"Who is there?"
"The steward, Senor, with your clothes?"
"Bring them in."
Gunsaules entered, the garments over his arm, and shuffled in his peculiar gliding manner across to the bunk where he laid out the pieces carefully one by one, evidently proud of his selection.
"Quite a beautiful piece of goods, Senor," he ventured, speaking so softly I could barely distinguish the words above the crash of the waves on the ship's side. "And most excellently tailored. I do not remember whether these came out of the Adair or La Rosalie--the French ship most likely, for as you see, Senor, there is quite the Parisian cut to this coat. I mark these things for I was once apprenticed to a tailor in Madrid."
He stood fondling the garment lovingly, the expression of his face so solemnly interested, I had difficulty in suppressing a laugh.
"Some change in your trade, Gunsaules. Did you take this one up from choice? You do not look to me like a fighting man."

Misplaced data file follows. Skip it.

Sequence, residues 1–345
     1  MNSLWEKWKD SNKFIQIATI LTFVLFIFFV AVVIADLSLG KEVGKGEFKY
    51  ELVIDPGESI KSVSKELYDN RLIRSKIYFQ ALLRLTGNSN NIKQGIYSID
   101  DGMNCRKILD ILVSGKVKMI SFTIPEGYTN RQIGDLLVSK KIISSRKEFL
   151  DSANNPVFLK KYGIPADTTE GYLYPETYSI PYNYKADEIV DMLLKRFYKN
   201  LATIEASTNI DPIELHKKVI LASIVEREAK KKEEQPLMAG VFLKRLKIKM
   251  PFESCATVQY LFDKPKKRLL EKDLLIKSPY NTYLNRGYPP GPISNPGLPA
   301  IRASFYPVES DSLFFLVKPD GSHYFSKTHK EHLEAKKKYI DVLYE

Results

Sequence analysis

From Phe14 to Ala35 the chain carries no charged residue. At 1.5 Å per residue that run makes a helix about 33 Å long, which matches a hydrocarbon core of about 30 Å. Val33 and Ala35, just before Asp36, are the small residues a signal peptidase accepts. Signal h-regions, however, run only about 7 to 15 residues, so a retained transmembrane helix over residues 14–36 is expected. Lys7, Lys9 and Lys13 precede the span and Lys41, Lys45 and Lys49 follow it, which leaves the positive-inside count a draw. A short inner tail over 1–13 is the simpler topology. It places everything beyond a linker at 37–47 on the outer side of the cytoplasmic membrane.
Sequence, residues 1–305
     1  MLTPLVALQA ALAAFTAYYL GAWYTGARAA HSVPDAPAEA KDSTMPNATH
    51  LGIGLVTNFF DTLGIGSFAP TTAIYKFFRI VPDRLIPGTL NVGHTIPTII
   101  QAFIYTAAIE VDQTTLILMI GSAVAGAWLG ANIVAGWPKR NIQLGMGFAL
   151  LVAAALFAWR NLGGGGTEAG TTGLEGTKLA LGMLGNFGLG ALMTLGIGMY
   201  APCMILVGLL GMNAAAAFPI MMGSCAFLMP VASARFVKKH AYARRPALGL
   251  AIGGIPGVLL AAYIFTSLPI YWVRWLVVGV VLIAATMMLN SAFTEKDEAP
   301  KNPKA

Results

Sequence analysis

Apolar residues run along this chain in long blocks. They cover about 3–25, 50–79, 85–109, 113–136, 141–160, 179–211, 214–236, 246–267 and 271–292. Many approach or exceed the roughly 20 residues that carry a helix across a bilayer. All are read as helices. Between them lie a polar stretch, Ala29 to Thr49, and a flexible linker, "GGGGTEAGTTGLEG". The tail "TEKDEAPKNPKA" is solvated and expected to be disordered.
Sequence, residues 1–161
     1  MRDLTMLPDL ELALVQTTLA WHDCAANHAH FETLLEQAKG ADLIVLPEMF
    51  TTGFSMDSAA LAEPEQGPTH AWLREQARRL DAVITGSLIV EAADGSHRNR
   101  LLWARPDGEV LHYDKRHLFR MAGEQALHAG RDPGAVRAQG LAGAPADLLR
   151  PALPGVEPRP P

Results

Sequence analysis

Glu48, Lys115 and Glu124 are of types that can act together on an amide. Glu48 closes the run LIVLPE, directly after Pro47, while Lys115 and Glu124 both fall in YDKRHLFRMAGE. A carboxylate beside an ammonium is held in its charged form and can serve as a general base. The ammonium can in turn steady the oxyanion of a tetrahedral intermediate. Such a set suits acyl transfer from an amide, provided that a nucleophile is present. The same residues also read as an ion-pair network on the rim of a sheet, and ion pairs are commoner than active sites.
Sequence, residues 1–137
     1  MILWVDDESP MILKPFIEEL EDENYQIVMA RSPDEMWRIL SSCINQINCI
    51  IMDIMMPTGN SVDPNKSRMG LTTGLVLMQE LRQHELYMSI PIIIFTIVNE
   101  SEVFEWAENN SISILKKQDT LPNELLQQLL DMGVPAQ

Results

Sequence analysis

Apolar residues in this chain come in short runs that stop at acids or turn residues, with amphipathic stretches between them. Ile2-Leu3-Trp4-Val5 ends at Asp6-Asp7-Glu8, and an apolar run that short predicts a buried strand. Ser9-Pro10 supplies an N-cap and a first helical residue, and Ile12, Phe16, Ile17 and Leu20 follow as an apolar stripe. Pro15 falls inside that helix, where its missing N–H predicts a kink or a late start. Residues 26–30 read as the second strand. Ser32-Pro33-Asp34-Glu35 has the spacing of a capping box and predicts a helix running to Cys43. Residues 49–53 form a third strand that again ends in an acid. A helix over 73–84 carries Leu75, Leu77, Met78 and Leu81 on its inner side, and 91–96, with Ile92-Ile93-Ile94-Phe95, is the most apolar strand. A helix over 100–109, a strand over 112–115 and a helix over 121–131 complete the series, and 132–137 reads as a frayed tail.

He glanced apprehensively at the open door, speaking even lower than before, if possible.
"No more am I, Senor. The blood make me faint. I go hungry in Santo Domingo--God forgive me for ever going there!--and, to keep from starving I took this job."
"With Sanchez, or before the bark was captured?"
"Before, Senor. The captain's name was Schmitt. Not since have I been ashore, but they spare me because I was Spanish."
I would have asked the fellow more, perhaps even have tested him in his loyalty to his new masters; but I felt this was neither place nor time. Estada might return, and besides the man was evidently a poor-spirited creature, little apt to be of service even if he so desired.
"The clothes seem to be all right, Steward," I said rather briskly, "and I judge will fit. Now hunt me up first of all something to shave with, then some tobacco and a pipe and--yes, wait a second; writing materials."
"And, by the way, there are two staterooms astern. Who occupies the one to starboard--Senor Estada?"
"No Senor; it is the young lady."